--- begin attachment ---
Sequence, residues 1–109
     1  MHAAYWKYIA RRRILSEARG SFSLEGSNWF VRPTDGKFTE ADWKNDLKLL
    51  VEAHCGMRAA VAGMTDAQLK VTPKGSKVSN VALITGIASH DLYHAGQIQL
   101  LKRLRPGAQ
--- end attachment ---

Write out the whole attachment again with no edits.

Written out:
Sequence, residues 1–109
     1  MHAAYWKYIA RRRILSEARG SFSLEGSNWF VRPTDGKFTE ADWKNDLKLL
    51  VEAHCGMRAA VAGMTDAQLK VTPKGSKVSN VALITGIASH DLYHAGQIQL
   101  LKRLRPGAQ